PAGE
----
China gets its Pakistan reactors through NSG

The Chinese has got away with two new nuclear reactors for Pakistan by the Nuclear Suppliers Group (NSG).

China gets its Pakistan reactors through NSG

At the June 23-24 plenary meeting of the 46-nation nuclear cartel in Noordwik, Netherlands, China was questioned about the two new reactors, Chashma 3 and 4, that it announced it would build in Pakistan. But China insisted the deal was “grandfathered”, that is, they said it had been reached before it joined the NSG in 2004.

Indian officials monitoring events said, the brief Chinese statement was enough for the rest of the NSG — even the US — to accept China at its word. “There was no pushback by NSG members,” the officials said.

The US had in March challenged China on the new reactors. On March 18, Robert Blake, assistant secretary in the State Department, said in Beijing, “We expect China to abide by the commitments that it made when it joined the NSG in 2004, and in particular we think the construction of new nuclear reactors such as the Chashma 3 and 4 would be inconsistent with those commitments.” But this position was not held up by others, who let the deal pass.

In Europe, China got a thumbs up from Germany, the biggest power in Europe. Days before the NSG plenary, the German government, in an answer to the Bundestag, reportedly said, “China can export nuclear goods for construction of nuclear power plants Chashma 3 and 4 to Pakistan without violating NSG guidelines.” Germany also argued that “China has explained its position on existing export agreements when it joined the NSG”.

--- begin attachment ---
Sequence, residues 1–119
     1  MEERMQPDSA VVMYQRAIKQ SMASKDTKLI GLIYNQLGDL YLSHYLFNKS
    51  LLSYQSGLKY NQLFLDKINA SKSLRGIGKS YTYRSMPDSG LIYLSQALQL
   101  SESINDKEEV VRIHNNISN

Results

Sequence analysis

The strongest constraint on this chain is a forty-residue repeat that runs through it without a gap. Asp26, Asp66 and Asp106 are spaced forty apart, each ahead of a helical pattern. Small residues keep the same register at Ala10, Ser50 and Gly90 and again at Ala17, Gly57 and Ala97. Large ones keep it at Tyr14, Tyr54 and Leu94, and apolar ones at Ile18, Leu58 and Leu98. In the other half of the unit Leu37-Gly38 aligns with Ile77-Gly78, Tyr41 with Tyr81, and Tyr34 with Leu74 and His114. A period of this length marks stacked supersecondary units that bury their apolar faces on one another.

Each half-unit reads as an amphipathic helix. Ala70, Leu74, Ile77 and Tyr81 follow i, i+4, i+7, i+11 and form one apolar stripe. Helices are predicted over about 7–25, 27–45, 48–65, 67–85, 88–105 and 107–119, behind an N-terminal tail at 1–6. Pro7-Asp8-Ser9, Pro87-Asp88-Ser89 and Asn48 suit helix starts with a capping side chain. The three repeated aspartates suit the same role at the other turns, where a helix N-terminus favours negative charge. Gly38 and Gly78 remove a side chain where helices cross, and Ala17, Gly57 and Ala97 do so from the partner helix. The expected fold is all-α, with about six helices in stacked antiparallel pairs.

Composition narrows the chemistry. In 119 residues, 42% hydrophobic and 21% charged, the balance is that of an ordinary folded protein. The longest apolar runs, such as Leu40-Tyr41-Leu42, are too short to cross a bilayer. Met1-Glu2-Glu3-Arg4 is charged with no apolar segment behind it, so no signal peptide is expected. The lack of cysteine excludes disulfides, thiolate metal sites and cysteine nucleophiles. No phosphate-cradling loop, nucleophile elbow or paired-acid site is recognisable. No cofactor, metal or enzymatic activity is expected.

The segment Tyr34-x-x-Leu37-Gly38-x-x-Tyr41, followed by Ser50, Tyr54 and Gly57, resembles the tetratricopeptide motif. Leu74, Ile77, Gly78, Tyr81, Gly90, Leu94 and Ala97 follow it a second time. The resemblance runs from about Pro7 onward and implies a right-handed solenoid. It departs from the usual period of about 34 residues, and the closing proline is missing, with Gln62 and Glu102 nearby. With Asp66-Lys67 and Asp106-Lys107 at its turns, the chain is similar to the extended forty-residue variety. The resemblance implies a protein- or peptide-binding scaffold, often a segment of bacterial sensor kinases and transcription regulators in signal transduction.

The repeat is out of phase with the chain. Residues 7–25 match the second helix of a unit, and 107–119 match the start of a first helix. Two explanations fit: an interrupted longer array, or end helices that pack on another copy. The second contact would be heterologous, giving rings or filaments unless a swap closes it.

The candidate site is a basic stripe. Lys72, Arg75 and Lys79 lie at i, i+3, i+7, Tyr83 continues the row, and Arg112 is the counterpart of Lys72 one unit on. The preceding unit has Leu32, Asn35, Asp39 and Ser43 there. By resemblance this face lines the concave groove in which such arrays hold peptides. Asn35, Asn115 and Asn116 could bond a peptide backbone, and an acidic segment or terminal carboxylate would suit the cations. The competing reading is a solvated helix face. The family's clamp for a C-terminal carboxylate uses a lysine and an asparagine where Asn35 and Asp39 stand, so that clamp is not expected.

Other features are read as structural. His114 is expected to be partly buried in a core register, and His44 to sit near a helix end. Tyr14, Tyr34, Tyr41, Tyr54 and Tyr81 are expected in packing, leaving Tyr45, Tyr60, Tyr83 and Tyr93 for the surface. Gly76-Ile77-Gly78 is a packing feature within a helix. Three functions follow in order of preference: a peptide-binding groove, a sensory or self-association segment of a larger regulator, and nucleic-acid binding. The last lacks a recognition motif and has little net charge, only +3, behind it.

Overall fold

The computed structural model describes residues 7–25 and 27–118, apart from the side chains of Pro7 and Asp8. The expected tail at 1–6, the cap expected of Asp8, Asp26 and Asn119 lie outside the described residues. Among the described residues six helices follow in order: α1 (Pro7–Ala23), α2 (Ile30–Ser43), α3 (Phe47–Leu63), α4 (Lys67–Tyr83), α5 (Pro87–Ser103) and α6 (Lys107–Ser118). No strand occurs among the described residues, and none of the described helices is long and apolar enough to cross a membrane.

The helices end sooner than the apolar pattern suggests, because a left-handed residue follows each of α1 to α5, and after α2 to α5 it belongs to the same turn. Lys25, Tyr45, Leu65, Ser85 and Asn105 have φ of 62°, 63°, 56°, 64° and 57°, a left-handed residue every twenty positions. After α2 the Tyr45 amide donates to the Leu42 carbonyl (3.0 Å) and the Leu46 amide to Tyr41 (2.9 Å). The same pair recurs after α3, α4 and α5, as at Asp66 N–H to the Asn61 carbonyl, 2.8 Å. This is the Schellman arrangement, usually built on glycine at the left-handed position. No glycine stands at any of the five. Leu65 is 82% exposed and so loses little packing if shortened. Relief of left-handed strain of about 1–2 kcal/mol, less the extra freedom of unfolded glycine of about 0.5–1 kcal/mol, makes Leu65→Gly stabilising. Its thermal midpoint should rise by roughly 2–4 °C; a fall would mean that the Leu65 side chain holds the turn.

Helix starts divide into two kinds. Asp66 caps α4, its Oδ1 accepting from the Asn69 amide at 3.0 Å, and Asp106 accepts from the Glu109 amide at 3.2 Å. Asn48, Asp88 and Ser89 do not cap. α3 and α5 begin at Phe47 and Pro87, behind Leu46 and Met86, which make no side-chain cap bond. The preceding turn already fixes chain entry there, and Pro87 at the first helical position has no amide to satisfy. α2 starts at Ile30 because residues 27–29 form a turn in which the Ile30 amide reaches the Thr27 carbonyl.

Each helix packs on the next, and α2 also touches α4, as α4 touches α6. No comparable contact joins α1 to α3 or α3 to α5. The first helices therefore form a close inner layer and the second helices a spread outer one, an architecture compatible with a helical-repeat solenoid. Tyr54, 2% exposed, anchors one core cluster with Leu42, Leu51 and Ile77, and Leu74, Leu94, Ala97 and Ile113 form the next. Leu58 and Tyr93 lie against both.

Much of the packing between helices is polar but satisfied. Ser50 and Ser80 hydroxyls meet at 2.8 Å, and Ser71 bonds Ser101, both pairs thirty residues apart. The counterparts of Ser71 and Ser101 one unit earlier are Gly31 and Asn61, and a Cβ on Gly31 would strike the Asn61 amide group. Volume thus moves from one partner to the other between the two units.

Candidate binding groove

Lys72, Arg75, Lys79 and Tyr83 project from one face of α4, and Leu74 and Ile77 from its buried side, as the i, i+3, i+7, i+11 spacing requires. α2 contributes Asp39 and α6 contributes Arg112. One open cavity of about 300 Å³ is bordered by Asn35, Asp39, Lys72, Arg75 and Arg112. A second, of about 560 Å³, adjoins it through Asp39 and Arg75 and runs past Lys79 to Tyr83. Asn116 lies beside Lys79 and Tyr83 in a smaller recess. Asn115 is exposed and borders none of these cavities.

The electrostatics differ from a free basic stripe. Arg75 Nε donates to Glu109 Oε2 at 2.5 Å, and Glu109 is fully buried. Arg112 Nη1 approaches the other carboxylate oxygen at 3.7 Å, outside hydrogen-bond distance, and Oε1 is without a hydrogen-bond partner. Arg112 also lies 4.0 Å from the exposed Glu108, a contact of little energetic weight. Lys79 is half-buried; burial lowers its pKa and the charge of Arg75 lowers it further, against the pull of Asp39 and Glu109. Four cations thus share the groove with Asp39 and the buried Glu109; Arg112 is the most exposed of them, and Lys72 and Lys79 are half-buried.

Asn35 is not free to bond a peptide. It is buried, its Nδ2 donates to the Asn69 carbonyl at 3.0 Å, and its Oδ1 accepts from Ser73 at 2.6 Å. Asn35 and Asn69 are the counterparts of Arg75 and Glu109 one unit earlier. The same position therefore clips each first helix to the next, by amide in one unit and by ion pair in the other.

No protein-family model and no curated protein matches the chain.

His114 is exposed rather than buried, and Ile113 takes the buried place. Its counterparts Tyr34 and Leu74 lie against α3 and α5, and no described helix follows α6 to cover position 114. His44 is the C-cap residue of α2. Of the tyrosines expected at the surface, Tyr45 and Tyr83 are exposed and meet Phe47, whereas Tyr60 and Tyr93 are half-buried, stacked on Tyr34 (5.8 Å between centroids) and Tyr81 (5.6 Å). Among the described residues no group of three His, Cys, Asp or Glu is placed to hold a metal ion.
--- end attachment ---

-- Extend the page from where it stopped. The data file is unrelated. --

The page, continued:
Pakistan’s nuclear sector is managed almost completely by the army. Unlike India, Pakistan does not have to separate its civilian and military nuclear programmes.

China had signed the Chashma deal with Pakistan in 1991, under which it had given a 300-MW reactor to Pakistan and agreed for a second one of 325 MW, also at Chashma. According to nuclear experts, the 1991 agreement with Pakistan was a “general” one, which did not specify how many reactors would be given to Pakistan. When China joined the NSG in 2004, they did not mention any new reactors under the agreement.

The Times of India

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